CFHS: Can you explain what SafePet does?
DRD: At this time, there are almost no violence against women shelters that allow women to leave a violent situation and then cohabitate with their pets in shelters. So what we've been seeing is that either women weren't leaving or they were giving up their pets in order to leave. SafePet Ottawa has a system for making sure these pets stay safe. When a woman wants to leave her abuser, she contacts the shelter she wants to enter, and the shelter worker asks her if she has any pets in the home. If the woman says yes, they tell her about the SafePet program and give her the opportunity to use our services or tell the shelter that she's made alternate arrangements.
If she decides to use our program, she’s directed to one of our confidential veterinary clinics. The woman would make an appointment to bring her pets to the vet clinic, at which point the vet does an exam to check for signs of abuse for potential animal cruelty charges against the abuser, makes sure the animal is up-to-date on vaccines and, on occasion, a spay or neuter surgery is offered. Once that’s all done, the woman leaves and the pets stay at the clinic for up to 2 hours, waiting to be picked up by our foster volunteer. When the woman is ready to reclaim her pets, the foster volunteer will bring the animals back to the vet clinic, and she will arrive 1-2 hours later to pick up her pets. At that point, we’re hoping they all live happily ever after in a new, safe home.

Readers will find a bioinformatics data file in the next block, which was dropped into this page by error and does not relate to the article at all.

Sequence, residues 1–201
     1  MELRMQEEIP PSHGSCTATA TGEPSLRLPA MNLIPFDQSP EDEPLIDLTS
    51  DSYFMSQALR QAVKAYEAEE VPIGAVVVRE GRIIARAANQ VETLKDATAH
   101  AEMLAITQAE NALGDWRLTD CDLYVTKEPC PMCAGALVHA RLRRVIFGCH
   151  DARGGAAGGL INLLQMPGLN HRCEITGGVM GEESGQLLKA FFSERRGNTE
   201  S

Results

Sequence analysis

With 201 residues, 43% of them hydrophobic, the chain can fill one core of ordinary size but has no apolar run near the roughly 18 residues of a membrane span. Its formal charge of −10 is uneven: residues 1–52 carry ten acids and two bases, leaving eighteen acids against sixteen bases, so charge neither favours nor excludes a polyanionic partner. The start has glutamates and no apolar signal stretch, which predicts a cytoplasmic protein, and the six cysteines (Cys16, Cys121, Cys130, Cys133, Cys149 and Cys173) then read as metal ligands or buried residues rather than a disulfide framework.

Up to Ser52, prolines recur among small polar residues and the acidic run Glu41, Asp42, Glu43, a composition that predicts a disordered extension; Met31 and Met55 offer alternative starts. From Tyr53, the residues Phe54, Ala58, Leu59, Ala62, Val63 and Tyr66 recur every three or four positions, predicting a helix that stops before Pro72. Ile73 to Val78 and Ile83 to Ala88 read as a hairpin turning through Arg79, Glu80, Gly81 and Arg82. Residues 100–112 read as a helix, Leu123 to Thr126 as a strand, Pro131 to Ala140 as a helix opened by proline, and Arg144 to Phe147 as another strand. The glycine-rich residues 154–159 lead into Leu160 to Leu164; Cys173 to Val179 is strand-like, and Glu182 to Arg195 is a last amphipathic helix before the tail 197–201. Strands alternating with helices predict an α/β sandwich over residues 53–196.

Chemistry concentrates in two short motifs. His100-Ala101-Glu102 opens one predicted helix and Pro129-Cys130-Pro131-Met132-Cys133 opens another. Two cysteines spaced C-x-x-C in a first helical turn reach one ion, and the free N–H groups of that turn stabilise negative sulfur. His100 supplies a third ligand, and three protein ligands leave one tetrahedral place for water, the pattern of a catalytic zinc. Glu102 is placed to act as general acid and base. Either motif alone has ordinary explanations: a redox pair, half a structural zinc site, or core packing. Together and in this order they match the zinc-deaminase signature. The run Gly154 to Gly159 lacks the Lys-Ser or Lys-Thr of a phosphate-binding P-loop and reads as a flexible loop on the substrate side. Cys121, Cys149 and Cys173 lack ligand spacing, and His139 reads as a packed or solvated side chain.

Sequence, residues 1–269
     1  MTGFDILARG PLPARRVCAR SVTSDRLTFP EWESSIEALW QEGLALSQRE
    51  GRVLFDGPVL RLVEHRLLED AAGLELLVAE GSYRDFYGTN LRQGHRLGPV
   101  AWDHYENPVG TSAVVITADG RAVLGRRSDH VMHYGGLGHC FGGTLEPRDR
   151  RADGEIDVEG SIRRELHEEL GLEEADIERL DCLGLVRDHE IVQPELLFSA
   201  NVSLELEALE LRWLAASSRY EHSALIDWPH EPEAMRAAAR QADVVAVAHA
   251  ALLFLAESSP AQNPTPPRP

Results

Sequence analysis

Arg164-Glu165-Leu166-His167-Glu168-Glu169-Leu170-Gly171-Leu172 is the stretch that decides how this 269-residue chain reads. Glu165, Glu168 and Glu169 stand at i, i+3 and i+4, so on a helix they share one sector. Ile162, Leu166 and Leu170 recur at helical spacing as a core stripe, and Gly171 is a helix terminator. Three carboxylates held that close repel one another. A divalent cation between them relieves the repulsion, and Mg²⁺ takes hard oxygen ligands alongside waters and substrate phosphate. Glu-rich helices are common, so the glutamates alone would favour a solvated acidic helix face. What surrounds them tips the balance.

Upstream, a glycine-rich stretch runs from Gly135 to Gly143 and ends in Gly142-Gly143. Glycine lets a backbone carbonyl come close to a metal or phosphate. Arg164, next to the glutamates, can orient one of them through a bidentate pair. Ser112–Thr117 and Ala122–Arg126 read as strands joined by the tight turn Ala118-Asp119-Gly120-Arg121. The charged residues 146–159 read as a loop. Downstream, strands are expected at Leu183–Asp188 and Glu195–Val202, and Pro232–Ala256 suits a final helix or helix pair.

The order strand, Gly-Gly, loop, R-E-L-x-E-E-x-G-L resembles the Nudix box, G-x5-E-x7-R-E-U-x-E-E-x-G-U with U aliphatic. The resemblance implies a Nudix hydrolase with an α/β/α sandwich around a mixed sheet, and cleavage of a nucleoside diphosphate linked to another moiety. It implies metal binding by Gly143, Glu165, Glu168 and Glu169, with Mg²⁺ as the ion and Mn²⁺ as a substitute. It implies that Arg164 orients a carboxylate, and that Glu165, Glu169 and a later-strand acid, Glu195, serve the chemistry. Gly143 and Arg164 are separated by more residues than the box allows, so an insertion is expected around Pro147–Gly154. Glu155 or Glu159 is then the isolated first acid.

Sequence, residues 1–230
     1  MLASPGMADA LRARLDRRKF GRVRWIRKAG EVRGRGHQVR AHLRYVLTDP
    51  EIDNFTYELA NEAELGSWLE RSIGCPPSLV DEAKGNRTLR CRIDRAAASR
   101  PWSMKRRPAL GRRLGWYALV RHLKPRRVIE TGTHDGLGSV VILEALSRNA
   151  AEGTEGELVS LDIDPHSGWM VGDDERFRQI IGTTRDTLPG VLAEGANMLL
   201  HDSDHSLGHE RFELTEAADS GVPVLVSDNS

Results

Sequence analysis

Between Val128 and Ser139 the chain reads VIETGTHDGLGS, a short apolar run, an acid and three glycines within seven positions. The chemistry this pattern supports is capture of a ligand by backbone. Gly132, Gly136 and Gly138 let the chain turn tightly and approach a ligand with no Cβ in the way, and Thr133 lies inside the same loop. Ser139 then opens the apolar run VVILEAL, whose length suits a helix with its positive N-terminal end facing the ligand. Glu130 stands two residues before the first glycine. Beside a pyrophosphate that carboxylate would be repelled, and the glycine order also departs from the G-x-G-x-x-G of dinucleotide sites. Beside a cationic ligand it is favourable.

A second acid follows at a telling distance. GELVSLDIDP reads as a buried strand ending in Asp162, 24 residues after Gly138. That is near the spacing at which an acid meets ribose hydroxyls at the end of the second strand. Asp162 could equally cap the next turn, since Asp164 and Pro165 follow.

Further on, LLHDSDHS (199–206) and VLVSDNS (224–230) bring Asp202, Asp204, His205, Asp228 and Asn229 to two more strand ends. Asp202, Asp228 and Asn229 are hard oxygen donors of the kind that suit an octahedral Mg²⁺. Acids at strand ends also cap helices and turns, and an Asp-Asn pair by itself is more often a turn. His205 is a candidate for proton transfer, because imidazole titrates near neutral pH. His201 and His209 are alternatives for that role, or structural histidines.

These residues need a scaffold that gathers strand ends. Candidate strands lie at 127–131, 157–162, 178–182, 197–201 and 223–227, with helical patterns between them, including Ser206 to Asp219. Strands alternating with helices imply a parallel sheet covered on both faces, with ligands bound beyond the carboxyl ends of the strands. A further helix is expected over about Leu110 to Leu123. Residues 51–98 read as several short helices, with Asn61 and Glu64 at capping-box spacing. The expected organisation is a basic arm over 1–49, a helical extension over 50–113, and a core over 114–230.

CFHS: This is incredible work you're doing. How many people and animals have you helped?
DRD: We've helped 68 families so far and 114 animals.
CFHS: You're coming to talk about SafePet Ottawa at the Canadian Link Conference here in Ottawa in December. Can you say more about what you’ll be presenting on?
DRD: I'm very excited to come to the Link Conference to talk about SafePet and how we do the work we do. When I saw the conference description, not only did it click with what we’re doing in our program, it clicked in my mind as the conversation that we need to be having. This isn't a conversation that needs to happen just in Ottawa – it's one we should be having on a national stage. Violence against people and animals is happening every day. It's affecting our animals and our children, and we need to do something about it. Whether you’re involved in this work through animal cruelty enforcement, as a veterinarian, a police officer, a social worker, a shelter worker – or as a volunteer who works for an organization like SafePet, it's a conversation that we all need to take part in to set goals and all work actively toward them. That's when we're going to see new legislation, people standing up to abuse and reporting it. We are so happy and proud to be a part of this event.